As a parent organisation representing children with cancer we are well placed to give valuable advice and feedback from both a child’s and parent’s perspective. We are aware of the many problems experienced by children with cancer and the multiple challenges that they and their families face, both during and after treatment.
Childhood Cancer Foundation advocates for:
- Better supports and services for children with cancer and their families
- Increased investment in research
- The development of child specific cancer drugs
- Better treatments and outcomes for all children with cancer
If you would like to speak to us about any issues you would like addressed please contact: firstname.lastname@example.org. We would love to hear from you.
We are a member of:
- Childhood Cancer International
- Childhood Cancer International Europe
- The National Cancer Control Programme (NCCP) Development of Children, Adolescent and Young Adult (CAYA) Cancer Programme- @hseNCCP
- Cancer Patient Advisory Committee-National Cancer Strategy 2017-2026
- The CanCare4living Advisory Group which aims to establish high quality, long term follow up care facilities for survivors of childhood cancer
- Children in Hospital Ireland– Network for Childhood Illness Groups set up to address the common issues around having a child with a serious illness who requires regular hospitalisation
NCCP Children, Adolescents and Young Adults (CAYA) Clinical Leads Board
Childhood Cancer Foundation is honoured to be a member of the National Cancer Control Programme (NCCP) Children, Adolescents and Young Adults (CAYA) Clinical Leads Board. Over the next 8 years the NCCP will be responsible for implementing the recommendations of the National Cancer Strategy with regard to CAYA. We are also a member of the Survivorship and Shared Care Boards.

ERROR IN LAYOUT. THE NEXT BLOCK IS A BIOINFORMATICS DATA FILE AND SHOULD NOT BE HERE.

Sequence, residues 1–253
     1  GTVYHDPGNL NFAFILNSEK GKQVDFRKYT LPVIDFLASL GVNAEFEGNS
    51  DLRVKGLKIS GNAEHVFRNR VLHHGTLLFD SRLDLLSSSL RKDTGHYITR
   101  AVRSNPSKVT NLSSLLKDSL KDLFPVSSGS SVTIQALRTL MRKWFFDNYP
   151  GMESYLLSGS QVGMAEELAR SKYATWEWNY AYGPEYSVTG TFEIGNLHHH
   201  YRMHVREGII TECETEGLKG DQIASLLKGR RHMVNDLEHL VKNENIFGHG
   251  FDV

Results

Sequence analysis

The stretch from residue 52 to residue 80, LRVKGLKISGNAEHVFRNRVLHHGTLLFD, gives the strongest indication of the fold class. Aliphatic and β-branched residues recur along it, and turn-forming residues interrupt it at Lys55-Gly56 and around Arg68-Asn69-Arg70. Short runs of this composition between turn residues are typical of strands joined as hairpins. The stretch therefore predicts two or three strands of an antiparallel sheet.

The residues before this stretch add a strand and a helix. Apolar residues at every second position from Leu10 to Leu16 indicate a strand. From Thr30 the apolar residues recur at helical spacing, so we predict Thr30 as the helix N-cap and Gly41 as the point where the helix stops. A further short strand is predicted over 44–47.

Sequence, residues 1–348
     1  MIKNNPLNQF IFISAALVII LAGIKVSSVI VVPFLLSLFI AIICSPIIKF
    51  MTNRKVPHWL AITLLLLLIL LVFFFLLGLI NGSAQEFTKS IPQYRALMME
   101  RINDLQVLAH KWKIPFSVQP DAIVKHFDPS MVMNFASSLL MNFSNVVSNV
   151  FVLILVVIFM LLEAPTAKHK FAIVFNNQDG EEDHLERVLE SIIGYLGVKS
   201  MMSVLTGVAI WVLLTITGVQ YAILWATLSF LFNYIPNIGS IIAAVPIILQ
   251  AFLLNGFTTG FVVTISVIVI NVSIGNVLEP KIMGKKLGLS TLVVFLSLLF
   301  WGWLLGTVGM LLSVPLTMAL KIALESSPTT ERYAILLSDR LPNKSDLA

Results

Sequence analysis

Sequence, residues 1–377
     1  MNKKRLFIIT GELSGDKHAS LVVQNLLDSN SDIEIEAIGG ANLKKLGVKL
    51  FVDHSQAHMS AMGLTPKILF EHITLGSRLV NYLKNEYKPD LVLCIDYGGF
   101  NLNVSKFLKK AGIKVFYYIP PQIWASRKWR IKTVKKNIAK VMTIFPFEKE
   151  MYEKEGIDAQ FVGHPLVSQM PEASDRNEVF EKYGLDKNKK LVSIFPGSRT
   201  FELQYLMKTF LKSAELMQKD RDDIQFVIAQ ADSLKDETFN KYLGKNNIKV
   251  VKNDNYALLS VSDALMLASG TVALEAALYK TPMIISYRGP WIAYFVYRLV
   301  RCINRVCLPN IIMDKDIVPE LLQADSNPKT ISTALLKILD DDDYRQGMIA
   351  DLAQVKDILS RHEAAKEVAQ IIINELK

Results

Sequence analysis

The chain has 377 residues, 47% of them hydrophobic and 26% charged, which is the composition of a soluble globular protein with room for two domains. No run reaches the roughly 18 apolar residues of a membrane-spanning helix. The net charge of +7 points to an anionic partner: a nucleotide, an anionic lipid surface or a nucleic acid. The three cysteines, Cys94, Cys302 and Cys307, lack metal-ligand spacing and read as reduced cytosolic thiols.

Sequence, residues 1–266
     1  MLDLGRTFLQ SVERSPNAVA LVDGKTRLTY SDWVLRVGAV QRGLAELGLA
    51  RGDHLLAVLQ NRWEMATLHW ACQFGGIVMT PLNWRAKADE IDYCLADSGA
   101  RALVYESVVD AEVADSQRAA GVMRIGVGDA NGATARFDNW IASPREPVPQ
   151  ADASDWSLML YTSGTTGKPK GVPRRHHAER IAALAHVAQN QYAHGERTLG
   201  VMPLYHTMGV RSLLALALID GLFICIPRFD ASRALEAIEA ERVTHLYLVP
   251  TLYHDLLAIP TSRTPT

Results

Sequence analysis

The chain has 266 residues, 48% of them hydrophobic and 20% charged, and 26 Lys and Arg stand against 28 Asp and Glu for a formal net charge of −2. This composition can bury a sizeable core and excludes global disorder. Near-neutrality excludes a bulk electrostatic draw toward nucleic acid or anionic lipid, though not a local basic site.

We want to see improvements to the existing childhood cancer services, eg. more consultant and nursing appointments and resourcing, improvements to hospital access and facilities and psychological supports for children with cancer, their siblings and parents, both in hospital settings and in the community. We are the voice of children with cancer and their parents at the NCCP.
Children in Hospital Ireland
We are proud to be a member of the newly formed Children in Hospital Ireland (CHI) Network for Childhood Illness Group.
CHI has established a network of childhood illness groups in order to promote relevant collaborations, share information and expertise and create a combined voice for advocating for enhanced services for children and young people with experience of hospital, and their families.
The network is funded until the end of 2019 by the Department of Children and Youth Affairs under the What Works Network Support Fund.
The purpose of the network is to maximise combined knowledge and evidence that can promote better services and identify strategies to:
- Identify common issues and potential supports to children and young people in hospital
- Promote professional learning and collaboration amongst the entire network and between individual organisations
- Respond to shared issues identified by the different groups using a shared approach
- Provide a united and accessible voice for the network members and a central contact point for policy makers
The other members of the network are: AsIAm, Cystic Fibrosis Ireland, Debra Ireland, ACT for Meningitis, Heart Children Ireland, Children's Liver Disease Ireland, Spina Bifida and Hydrocephalus Ireland.